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Juan Chen, Hua Yang, Aobing Wang, Fang Fang; Perceptual consequences of face viewpoint adaptation: Face viewpoint aftereffect, changes of differential sensitivity to face view, and their relationship. Journal of Vision 2010;10(3):12. doi: 10.1167/10.3.12.
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© ARVO (1962-2015); The Authors (2016-present)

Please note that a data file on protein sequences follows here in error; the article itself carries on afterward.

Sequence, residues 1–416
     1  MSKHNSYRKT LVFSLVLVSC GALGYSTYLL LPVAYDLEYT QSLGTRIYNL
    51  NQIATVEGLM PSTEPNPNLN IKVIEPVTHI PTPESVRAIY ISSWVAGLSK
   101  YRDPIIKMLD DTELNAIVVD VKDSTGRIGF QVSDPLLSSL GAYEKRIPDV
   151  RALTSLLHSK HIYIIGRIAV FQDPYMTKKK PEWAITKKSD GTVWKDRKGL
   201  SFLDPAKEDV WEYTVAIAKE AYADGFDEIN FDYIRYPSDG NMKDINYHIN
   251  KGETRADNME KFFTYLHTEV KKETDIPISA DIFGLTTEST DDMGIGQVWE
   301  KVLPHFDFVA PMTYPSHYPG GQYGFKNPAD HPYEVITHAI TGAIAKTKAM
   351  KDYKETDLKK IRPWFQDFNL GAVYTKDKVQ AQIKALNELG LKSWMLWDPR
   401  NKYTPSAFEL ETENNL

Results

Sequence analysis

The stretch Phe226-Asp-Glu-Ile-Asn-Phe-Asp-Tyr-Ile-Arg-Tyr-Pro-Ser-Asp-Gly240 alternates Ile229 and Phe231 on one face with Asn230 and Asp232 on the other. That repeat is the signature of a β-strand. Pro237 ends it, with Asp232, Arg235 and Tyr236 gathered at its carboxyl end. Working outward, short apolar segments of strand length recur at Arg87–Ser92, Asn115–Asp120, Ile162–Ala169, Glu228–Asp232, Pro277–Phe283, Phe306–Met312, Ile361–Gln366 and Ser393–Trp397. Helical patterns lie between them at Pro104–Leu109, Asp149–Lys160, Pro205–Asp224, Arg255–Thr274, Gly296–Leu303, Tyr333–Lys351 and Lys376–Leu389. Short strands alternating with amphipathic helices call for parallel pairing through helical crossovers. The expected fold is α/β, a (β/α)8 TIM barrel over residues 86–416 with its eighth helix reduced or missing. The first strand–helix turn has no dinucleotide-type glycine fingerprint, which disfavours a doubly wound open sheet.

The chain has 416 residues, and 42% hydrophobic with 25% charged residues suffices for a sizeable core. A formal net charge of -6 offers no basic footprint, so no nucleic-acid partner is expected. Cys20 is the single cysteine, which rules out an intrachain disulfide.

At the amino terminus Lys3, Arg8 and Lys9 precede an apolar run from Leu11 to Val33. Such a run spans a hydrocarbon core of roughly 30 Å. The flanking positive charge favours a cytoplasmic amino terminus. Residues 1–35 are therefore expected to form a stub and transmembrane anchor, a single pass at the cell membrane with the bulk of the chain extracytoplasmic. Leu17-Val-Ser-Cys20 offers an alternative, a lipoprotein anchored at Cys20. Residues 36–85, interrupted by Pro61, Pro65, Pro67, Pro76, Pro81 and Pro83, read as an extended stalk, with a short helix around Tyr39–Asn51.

Adaptation to a visual pattern can alter the sensitivities of neuronal populations encoding the pattern, which usually results in a visual aftereffect. However, the functional role of visual adaptation is still equivocal and its relation to visual aftereffect is largely unknown, especially for high-level visual adaptation. In this study, we took advantage of face view adaptation to investigate these issues. In the first experiment, we measured the angular tuning function of the face viewpoint aftereffect in F. Fang and S. He's (2005) study. As the adapting angle increased from 0° to 90°, the aftereffect magnitude increased quickly, peaked at 20°, and then gradually decreased. In the second experiment, the effects of face viewpoint adaptation on face view discrimination were measured. We found that face view discrimination around the adapting view improved but was impaired when the adapting view was about 30° away. These results suggest that the functional role of face viewpoint adaptation was not only to adjust the boundary of our perceptual categories but also to modulate the performance of our face view discrimination, highlighting the adaptive nature of face coding. Finally, we showed that a computational model proposed by C. W. G. Clifford, A. M. Wyatt, D. H. Arnold, S. T. Smith, and P. Wenderoth (2001) could account for these two phenomena and their relationship in terms of the changes of the tuning function of face view selective neurons.
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